EPW    Commentary November 18-24, 2000

Dam-Oustees' Movement in South Maharashtra

Innovative Struggle

Anant Phadke

Over the last couple of years, the dam oustees’ movement in south-west Maharashtra has achieved path-breaking victories; but sadly, they have not been reported in that national press, though there has been detailed, extensive regular reportage on this movement in the local press. From the viewpoint of left wing politics, the importance of these significant gains goes beyond local politics as they point to an approach towards hegemonistic, instead of merely oppositional politics. The approach, developed by this movement, is an essence based on the same perspective that guided the famous ‘Baliraja Dam’ movement in south-west Maharashtra, in the 1980s. During last couple of years, this movement has gained three significant victories.

Alternative to the Uchangi Dam

‘Uchangi’ is a nondescript village in the Aajara taluk of Kolhapur district. The Maharashtra government decided to build a dam there (on Tar-ohal, a small river in that area) that would submerge partly or wholly six villages to impound 660 million cubic feet (mcft) of water. The affected villages had pointed out way back in 1986, that in this region, with an annual average rainfall of about 4,000-mm, water could be easily impounded with a number of smaller dams. But this alternative was ignored. When the irrigation department actively started preparation for this dam in November 1997, thousands of men and women in the upstream villages actively opposed it. This resulted in a meeting of the affected villagers and the activists of the Shramik Mukti Dal, with the district level officials. In this meeting the officials agreed that if a scientific alternative is prepared to the proposed scheme, then the government would consider such an alternative positively. This agreement was first of the series of pioneering achievements of this movement. Well known expert, K R Date and his associates in Society for Promoting Participative Eco-system Management (SOPPECOM), agreed to help in preparing this alternative, if the relevant data were made available. With the guidance of these experts, the villages of Chaphawade, Jeur, and Chitale carried out a systematic survey, including a participative resource mapping (PRM), of the area to asses the possibility of an alternative.

A rough plan was prepared on the basis of this survey and PRM. But some systematic topographical survey data were needed to formulate concrete alternative plan. The irrigation department which had the relevent data refused to part with it on the pretext that they fell under the Official Secrets Act. The movement kept up the pressure to get this information as a matter of ‘right to information’ and also submitted the preliminary, rough alternative plan. The district level authorities rejected this plan as also the demand that the whole matter be discussed with the higher authorities in the Maharashtra Krishna Valley Development Corporation (MKVDC). They tried to start the dam construction in June 1998. There was severe opposition to the starting of the dam work. Despite heavy rains, almost all the villagers from Chaphavade and Jeur and many from Chitale sat down along with their cattle, at the dam site to oppose construction. A police force of more than 1,000 were waiting to charge down on the protestors. But at the last moment, the superintendent of police, beat a retreat in view of the determined opposition of the villagers. The demand to provide topo sheet data and to hold discussion with higher authorities was also cancelled. This was an unprecedented victory for the movement.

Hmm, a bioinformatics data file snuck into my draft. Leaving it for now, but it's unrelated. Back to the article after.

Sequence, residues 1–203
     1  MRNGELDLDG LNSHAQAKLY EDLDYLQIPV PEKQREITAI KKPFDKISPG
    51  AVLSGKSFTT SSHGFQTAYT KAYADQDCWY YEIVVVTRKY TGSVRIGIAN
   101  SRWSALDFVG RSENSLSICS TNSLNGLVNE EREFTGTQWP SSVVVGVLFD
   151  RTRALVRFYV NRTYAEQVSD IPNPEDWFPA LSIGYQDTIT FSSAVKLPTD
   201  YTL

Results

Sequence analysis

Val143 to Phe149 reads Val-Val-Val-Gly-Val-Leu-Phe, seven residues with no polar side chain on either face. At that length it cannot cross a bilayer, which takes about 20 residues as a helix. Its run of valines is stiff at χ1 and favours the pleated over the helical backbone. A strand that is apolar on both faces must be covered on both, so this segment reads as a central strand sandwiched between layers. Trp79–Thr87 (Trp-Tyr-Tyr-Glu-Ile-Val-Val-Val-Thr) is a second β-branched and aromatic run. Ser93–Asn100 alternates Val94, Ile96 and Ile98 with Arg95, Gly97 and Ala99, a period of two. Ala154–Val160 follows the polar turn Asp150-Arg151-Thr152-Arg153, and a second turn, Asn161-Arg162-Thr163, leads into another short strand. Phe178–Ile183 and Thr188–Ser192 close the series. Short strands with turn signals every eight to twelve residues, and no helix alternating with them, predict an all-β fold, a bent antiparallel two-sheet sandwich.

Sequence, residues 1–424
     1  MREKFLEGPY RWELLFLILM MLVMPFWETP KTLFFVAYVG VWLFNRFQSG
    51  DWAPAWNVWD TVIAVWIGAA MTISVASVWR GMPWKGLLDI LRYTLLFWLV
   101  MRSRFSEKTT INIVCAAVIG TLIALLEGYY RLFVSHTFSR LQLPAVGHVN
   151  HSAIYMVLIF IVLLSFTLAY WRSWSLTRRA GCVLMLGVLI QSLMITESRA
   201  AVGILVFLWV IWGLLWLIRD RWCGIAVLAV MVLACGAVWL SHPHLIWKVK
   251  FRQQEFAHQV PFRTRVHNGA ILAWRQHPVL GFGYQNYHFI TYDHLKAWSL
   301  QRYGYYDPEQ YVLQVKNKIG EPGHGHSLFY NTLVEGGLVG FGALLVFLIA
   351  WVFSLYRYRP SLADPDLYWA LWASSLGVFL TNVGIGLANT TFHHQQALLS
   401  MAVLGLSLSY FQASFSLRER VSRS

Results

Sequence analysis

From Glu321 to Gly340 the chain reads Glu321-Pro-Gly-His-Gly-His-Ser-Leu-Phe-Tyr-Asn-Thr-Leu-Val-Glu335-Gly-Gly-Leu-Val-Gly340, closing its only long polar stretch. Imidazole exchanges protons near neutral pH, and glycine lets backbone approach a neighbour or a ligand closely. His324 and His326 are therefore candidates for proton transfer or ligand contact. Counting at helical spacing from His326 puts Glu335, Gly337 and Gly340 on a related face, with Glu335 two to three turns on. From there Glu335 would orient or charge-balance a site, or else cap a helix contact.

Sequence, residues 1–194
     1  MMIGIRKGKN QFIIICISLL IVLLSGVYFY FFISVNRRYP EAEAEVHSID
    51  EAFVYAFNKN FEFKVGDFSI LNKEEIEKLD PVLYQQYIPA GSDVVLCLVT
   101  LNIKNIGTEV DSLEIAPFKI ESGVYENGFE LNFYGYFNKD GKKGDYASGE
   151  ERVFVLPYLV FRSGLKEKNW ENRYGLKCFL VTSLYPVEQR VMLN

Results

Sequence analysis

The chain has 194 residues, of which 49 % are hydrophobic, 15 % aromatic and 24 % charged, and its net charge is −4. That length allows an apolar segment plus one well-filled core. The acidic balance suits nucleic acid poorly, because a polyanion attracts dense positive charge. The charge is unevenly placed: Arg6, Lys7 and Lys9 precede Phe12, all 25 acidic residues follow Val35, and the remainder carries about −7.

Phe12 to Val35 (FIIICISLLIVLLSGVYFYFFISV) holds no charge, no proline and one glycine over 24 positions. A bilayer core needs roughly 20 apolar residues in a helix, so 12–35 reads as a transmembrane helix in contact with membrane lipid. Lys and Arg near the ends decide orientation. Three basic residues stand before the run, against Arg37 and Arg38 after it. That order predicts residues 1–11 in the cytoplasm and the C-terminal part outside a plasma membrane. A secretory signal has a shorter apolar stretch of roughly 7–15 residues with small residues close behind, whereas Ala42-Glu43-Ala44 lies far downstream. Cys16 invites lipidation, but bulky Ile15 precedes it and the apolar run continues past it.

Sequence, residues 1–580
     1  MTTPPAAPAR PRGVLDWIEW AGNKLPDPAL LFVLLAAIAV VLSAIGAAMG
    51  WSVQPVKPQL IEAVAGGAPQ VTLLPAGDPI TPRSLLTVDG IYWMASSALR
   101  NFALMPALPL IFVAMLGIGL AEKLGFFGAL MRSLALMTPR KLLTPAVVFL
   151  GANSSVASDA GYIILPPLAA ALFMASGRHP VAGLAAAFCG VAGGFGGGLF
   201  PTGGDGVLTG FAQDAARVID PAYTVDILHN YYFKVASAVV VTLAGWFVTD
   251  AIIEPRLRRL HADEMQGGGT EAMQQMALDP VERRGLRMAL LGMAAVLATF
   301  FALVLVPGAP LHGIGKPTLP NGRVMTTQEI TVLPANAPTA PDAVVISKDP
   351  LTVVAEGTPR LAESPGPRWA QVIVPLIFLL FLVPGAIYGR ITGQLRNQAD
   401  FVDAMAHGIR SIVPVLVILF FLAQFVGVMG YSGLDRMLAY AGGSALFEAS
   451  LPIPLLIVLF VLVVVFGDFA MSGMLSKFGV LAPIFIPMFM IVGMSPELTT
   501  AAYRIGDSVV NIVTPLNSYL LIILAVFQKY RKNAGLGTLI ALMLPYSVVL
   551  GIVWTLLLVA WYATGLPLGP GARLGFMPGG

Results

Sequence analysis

Despite this assurance, the irrigation department delayed providing these data for 16 months. It even attempted to start work of the dam once again. The movement foiled such attempts and ultimately the government had to provide the topo sheet data. Perhaps, nowhere else has any movement been able to force the government to give such topo sheet data. Despite the inadequacies of these data, experts from SOPPECOM and activists of the movement submitted an outline of an alternative plan. This consisted of three smaller dams on the rivulet Tar-Ohal. They together would impound 624 mcft of water, that would irrigate almost double the area in the government plan since, as per the alternative plan, each family would get 3,000 cubic metre of water, in accordance with the principle of equitable water for sustainable development. The rest of the water would come from local watershed development. There would be no displacement and very little good quality land would be submerged.